Captain Silas Soule and Lt. Joseph Cramer who each personally refused to fire, and ordered those under their command to stand down at Sand Creek in 1864, when their commanding officer ordered the massacre of 300 Cheyenne and Arapaho people, mostly women and children. Their refusal and subsequent testimony brought condemnation (though no legal action) upon the commanding officer, and resulted in the end of the career of the Colorado territorial governor. One historian consulting with the Cheyenne nation has said without Soule and Cramer’s actions, the descendents of those who died probably would not be around today (2). Soule was assassinated two years later, in the line of duty.

Many people know the story of US Army Major Hugh Thompson, who with Glenn Andreotta and Lawrence Colburn helped stop the My Lai Massacre in Viet Nam in 1968. There is another more recent story that I want to share: unnamed military personnel who have been trying to confront the abuse of power by Navy Seal Edward Gallagher. Gallagher was known to shoot unarmed Iraqi civilians; the courage of people under his command both to report him (for which he retaliated) and to take warning shots if they saw civilians because they knew Gallagher would shoot to kill. Gallagher also has been accused of stabbing to death an injured Iraqi fighter. I am troubled first that the brave people who have reported Gallagher are not named, though perhaps for their sake it is best. I am also troubled that the President is now considering pardoning Gallagher who is scheduled to go to trial for as many as 12 alleged crimes.  These military stories about courageous acts of humanity are important on this weekend when we honor those who give their lives for this nation; it is important perhaps especially for those of us who mostly oppose war because they challenge some of our assumptions and remind us of the human beings that make up the armed forces.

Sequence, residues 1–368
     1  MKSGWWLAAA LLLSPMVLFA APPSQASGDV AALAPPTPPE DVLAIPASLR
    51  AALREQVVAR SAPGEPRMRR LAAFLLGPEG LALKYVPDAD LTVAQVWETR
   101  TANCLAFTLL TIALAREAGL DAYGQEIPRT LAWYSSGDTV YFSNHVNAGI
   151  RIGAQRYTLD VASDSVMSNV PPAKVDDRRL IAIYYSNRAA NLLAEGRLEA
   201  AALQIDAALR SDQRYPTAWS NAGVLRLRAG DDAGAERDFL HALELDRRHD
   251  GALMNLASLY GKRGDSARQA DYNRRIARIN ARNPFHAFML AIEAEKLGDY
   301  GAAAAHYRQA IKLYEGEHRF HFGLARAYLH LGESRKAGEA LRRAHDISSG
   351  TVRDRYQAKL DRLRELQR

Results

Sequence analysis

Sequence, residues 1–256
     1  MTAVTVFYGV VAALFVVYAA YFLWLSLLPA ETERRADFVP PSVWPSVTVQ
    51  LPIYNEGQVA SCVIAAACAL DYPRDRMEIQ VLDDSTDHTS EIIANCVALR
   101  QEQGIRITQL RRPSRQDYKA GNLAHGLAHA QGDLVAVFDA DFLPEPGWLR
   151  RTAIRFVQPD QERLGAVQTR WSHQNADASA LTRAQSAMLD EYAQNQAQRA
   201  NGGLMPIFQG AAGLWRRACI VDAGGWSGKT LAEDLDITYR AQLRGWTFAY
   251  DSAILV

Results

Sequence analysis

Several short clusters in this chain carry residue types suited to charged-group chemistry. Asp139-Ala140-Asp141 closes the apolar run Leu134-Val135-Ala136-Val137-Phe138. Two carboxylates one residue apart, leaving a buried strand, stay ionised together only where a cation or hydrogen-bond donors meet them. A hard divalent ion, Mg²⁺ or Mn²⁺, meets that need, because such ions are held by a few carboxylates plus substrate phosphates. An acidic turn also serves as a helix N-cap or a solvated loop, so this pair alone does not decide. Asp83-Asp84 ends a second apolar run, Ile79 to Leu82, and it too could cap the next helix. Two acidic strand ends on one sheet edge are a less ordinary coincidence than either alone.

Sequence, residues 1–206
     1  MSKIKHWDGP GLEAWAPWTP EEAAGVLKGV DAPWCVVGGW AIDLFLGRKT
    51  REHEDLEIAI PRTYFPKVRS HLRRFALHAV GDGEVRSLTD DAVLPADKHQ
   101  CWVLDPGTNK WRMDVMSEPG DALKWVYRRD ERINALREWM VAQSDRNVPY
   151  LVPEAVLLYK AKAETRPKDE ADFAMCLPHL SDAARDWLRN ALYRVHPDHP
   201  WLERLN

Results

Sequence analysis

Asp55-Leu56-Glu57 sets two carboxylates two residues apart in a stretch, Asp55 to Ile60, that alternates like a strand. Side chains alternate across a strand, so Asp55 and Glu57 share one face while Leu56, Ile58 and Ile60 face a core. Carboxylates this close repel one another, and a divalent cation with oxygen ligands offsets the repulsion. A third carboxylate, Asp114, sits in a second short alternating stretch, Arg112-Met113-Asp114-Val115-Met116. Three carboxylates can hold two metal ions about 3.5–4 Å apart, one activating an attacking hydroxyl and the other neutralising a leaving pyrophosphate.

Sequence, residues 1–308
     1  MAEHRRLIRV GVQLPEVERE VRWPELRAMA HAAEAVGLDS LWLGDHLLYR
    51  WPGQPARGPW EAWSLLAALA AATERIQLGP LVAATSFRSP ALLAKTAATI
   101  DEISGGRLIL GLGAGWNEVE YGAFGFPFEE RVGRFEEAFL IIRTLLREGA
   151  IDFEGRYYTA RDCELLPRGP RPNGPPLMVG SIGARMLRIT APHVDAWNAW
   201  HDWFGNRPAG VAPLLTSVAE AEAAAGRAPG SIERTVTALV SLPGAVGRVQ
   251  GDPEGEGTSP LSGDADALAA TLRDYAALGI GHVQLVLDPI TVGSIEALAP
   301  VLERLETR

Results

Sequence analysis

Today we celebrate the visions, the reversals that spiritual life calls us to; we celebrate the water of life, the gatherings by the river or the pool, where we might find courage and inspiration and community to seek healing and wholeness for ourselves and our world. Amen.